It is shortly before noon, and as I write this I am sitting at a small wooden table under a palm tree in the shade with the beach and adjacent ocean only few meters away from me. Every few seconds, the sounds of the very small waves crashing against the beach disturbs the otherwise tranquil beach scene here. And thankfully, there is also a slight breeze off of the water which tempers the heat and humidity where I am sitting.
Of all the locations we have been since we left the Indian subcontinent a few weeks ago, this is definitely the most idyllic setting of them all. We enjoyed immensely our time and experiences in India
, but i’ve definitely enjoyed the change of pace and scenery here since our arrival in tropical Southeast Asia. The sweltering heat and draining humidity we’ve experienced since our arrival in Southeast Asia from India
is the only thing I could do without, but it is hard to avoid it when traveling in this part of the world.
This afternoon we are leaving Survivor Island; not voted off the island, but rather, of our own accord. Not that i'm happy about that necessarily...
The Pulau Tiga Resort
is a relaxing place. Given the numerous hiking trails throughout the island, we could easily spend a few more days here and keep fully occupied. However, we have booked a permit and a mandatory guide to hopefully go - weather conditions permitting - up to the summit of Mount Kinabalu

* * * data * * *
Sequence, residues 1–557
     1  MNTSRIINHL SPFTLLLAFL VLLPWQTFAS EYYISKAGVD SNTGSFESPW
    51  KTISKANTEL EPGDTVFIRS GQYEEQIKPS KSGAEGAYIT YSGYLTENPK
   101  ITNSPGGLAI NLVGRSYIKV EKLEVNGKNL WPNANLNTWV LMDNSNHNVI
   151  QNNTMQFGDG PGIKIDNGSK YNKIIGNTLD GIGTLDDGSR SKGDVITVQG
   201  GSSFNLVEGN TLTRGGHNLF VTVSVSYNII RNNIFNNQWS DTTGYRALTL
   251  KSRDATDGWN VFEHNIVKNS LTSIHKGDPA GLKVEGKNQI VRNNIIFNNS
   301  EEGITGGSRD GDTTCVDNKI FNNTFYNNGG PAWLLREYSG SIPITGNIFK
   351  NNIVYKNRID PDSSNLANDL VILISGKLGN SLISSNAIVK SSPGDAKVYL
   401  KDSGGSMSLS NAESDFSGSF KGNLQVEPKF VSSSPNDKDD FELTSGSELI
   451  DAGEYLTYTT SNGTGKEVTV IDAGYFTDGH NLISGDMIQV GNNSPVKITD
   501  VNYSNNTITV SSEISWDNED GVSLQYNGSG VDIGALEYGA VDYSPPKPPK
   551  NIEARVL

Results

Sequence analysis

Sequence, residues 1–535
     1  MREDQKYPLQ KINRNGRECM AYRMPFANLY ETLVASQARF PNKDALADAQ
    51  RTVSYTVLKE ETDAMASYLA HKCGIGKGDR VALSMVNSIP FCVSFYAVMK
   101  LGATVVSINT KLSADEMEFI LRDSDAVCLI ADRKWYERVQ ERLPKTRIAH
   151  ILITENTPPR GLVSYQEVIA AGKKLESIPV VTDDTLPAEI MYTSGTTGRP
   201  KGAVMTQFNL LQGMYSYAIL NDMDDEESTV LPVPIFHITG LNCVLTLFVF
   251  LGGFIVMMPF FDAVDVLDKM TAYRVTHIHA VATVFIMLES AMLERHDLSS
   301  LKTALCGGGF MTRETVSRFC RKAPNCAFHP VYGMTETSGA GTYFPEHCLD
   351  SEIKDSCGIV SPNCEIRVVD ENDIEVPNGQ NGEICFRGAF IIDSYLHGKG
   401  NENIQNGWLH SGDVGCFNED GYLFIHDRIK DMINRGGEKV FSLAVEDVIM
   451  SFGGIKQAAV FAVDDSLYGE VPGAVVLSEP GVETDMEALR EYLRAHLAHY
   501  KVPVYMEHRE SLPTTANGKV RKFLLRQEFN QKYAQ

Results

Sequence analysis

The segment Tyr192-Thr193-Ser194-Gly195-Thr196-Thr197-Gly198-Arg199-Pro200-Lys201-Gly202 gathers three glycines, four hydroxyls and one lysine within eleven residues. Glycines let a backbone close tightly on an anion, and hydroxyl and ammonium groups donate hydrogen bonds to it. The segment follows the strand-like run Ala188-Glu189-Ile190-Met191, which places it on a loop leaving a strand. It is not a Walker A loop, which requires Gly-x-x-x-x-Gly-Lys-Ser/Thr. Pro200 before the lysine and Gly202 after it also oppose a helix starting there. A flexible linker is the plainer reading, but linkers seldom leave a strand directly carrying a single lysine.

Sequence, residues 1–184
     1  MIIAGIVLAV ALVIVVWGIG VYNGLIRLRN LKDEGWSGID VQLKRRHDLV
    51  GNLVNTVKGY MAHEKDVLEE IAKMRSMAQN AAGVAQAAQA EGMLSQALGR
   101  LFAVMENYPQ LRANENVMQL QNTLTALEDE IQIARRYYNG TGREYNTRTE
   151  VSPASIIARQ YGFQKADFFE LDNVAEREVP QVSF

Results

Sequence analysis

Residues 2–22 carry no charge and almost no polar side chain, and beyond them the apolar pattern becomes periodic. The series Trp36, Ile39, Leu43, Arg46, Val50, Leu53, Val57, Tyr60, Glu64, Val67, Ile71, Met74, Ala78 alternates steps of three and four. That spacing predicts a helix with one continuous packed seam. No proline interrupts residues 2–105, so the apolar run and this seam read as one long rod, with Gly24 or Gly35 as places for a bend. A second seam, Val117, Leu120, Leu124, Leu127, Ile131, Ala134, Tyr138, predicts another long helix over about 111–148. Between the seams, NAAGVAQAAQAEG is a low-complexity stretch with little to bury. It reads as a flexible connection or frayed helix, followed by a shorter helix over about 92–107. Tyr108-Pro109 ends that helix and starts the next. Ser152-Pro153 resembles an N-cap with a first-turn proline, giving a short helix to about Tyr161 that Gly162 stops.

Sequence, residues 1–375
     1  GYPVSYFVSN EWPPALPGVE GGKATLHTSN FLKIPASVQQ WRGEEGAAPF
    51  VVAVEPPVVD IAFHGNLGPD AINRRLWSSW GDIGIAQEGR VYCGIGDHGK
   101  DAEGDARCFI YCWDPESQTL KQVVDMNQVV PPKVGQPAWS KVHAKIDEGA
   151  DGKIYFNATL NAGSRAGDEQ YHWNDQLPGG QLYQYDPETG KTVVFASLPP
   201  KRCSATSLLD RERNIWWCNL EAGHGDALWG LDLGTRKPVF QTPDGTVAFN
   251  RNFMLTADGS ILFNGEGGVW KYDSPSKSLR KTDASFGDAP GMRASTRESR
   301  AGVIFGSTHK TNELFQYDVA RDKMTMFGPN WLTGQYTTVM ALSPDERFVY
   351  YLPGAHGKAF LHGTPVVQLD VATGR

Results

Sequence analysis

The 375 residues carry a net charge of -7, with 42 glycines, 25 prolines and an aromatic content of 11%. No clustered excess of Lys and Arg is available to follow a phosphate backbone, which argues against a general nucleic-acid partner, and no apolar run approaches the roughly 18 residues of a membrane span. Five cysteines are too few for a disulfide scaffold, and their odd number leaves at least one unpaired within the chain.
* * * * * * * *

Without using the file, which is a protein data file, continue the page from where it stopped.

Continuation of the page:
in Kinabalu National Park
in a 2 day climb beginning late tomorrow morning. At 4095 meters (13,435 feet), Mount Kinabalu
is the highest peak between the Himalayas
and Papua New Guinea
. For avid trekkers such as ourselves, climbing Mount Kinabalu
falls on the “must do” bucket list for Borneo
Unfortunate as it is to leave this idyllic place, this morning we thankfully experienced one of Survivor Island’s specialties, the so-called “mud volcano.” We walked along one of the trails to an area with pools of mud. Bathers immerse themselves in the mud, which is alleged to have therapeutic qualities. I had expected the mud to be bubbling hot, given the name “mud volcano.” Given its temperature, I suspect this name may be only a misnomer. After submerging myself in the mud save for my neck and head - and unfortunately, after forgetting to remove my watch until it was too late and my watch had become a muddy brown - , with my body covered entirely in mud I only then began to question what purpose a mud bath actually served. Honestly speaking, I suspect my first mud bath will also be my last. It did little for me. As Vikki and I walked back along the trail, the monitor lizards we saw along the trail must have looked at us - humans wearing only their bathing suits and caked entirely in mud, save for their clean heads - with a mix of amusement and bewilderment. It felt great to jump into the ocean upon our return to the resort, although traces of mud still remain in the cracks and crevices of my Ironman watch.
Anyway, that breeze I wrote about a little while ago has vanished completely. It is really hot and humid! As we gain elevation during the first day of our trek up Mount Kinabalu
tomorrow, it will be really nice to get a respite from the heat and humidity of tropical Borneo
. This I am sure of…